End White House visits for champions
One of last week’s silliest news “controversies” swirled around the Philadelphia Eagles’ cancelled visit to the White House. Pundits on the right were offended that many players refused the honor of a White House invitation just because they don’t like the president. On the left, CNN’s Chris Cillizza was deeply offended by President Trump’s decision to rescind the invite and his “appalling” statement about it.
In other words, the entire episode was simply a Rorschach test that provided a platform for partisans on both sides to voice entirely predictable opinions. If the president said his favorite color was yellow, some would hail the wisdom of the choice while others would find evidence of corruption. That’s just the way things work in politics today.
But this incident reveals a deeper rot in the entire political process. Both sides in the partisan sniping implicitly assume that the president should act like royalty and treat the White House like a palace. It’s part of a larger attitude pretending that the president’s every utterance is of supreme importance and that he must express an opinion on just about everything.
The president’s job is to lead the government, not bestow royal blessings on successful citizens or offer a running commentary on every fad in the news cycle. Bluntly, I don’t care what President Trump thinks about the Philadelphia Eagles any more than I cared about the March Madness brackets filled out by President Obama. If you want royalty, go to London.
In America, it should be possible to watch a football game or go to the theater without hearing from or about the president. In fact, it should be normal to go about daily life without encountering the intrusion of partisan politics into every nook and cranny of society. Unfortunately, that’s not the case today.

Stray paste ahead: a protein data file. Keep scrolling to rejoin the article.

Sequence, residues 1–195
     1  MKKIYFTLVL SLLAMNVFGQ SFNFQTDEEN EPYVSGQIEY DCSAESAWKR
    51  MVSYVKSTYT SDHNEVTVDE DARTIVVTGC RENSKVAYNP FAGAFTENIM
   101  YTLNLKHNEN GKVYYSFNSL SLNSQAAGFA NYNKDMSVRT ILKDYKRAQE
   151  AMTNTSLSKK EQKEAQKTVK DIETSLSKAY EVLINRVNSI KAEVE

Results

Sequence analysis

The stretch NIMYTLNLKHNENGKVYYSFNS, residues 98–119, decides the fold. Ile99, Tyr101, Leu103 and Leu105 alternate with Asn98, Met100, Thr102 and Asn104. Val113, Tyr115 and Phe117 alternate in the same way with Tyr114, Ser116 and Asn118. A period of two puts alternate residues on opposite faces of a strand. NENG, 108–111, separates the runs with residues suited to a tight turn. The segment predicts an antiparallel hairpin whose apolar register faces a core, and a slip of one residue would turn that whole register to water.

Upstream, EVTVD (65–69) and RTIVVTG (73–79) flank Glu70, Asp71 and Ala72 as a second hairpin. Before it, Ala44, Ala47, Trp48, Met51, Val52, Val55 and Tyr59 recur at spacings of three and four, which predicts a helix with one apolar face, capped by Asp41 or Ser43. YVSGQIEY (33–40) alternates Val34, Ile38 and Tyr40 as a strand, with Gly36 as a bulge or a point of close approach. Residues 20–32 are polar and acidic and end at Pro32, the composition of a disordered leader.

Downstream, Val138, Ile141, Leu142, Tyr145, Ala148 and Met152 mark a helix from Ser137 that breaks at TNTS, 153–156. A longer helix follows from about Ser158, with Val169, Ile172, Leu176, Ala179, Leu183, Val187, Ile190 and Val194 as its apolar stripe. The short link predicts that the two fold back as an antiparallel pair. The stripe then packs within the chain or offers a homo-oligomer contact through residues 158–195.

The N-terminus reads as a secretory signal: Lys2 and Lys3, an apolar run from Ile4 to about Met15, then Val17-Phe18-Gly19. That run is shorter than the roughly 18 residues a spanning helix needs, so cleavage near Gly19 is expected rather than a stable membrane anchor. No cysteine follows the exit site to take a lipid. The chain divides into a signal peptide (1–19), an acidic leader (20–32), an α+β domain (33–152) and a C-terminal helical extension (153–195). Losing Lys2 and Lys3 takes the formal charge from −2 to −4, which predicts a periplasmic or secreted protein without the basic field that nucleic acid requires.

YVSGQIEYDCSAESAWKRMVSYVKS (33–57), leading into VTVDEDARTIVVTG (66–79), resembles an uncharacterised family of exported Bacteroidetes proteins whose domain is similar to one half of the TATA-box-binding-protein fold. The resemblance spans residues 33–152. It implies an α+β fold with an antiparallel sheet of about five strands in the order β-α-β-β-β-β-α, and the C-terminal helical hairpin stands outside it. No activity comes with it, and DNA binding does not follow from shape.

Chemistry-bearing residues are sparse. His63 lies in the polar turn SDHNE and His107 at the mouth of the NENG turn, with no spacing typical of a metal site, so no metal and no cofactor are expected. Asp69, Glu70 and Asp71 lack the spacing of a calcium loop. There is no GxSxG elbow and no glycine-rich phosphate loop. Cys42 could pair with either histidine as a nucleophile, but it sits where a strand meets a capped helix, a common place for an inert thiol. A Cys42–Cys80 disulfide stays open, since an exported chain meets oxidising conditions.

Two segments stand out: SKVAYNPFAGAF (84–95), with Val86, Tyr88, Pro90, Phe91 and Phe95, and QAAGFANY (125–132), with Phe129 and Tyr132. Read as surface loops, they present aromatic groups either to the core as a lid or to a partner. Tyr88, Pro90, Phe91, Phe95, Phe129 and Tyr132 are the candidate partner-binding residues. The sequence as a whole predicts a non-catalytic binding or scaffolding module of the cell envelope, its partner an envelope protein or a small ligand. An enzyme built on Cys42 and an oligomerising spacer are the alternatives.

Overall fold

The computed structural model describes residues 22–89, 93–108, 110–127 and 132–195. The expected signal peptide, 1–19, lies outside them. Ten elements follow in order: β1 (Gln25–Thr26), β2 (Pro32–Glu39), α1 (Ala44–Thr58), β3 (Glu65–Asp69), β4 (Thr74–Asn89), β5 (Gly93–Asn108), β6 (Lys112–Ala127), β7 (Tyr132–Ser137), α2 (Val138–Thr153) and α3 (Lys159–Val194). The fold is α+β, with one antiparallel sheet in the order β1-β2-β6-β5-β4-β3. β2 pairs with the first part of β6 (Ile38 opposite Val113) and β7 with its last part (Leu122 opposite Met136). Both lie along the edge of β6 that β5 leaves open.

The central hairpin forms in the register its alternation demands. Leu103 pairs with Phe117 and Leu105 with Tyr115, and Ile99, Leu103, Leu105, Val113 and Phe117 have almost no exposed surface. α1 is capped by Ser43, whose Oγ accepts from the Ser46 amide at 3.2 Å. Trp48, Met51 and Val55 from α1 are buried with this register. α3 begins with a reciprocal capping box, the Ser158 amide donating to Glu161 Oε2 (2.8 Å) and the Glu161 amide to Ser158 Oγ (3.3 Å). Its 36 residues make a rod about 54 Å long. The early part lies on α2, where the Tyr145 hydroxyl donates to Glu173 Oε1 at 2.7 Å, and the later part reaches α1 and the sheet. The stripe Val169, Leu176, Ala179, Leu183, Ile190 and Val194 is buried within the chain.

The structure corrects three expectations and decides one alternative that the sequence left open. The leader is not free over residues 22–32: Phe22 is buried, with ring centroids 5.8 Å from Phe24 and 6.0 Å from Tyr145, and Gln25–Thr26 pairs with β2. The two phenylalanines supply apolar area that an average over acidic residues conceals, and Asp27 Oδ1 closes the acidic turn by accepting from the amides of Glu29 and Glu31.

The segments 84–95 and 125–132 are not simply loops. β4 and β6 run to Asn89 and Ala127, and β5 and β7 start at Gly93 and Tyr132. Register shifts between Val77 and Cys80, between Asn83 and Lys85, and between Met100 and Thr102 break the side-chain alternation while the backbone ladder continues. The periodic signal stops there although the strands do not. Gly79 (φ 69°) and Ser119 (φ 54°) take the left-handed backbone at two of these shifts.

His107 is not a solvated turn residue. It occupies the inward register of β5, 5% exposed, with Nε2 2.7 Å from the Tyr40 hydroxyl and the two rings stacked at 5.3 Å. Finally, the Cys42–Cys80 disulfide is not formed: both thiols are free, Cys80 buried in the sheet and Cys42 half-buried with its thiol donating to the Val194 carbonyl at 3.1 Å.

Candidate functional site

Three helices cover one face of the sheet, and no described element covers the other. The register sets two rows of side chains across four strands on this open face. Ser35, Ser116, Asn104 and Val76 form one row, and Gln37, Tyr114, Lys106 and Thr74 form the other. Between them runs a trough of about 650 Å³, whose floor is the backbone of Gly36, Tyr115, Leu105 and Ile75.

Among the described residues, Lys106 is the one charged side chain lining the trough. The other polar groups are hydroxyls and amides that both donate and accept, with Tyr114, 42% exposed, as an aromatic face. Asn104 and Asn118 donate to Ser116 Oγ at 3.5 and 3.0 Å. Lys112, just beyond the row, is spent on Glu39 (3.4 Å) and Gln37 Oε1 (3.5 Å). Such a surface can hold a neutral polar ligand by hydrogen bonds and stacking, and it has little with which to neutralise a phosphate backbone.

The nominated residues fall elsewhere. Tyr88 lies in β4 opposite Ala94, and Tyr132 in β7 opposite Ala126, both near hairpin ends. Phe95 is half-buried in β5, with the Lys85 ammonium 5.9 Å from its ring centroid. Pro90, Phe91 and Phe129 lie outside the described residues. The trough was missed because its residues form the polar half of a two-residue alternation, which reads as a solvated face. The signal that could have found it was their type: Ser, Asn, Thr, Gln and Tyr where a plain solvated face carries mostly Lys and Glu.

To restore balance in our public life, it’s well past time to establish social boundaries protecting large segments of public life from the civic pollution of politics. We must get rid of the false media narrative that every problem has a political solution and every situation must be analyzed politically. President Trump could take a simple step in the right direction by ending the practice of inviting teams to the White House.
With boundaries protecting society from politics, it would be easier to remember that the president runs the government, not the country. We would see more reminders that almost all positive change in America comes from far outside of official Washington. Leaders like Jackie Robinson, Martin Luther King, Jr., Steve Jobs, and Bill Gates have each had a more lasting impact than any politician.
That’s the way it’s supposed to work in a nation founded upon the ideals of freedom, equality, and self-governance. Politics does have a role to play in governing our society, but it is not the lead role. Instead, progress comes from unleashing the creativity and resources of individual Americans, families, community groups, churches, entrepreneurs, small businesses, local governments and more. Leadership comes from millions of everyday Americans who work together in community to create a better world.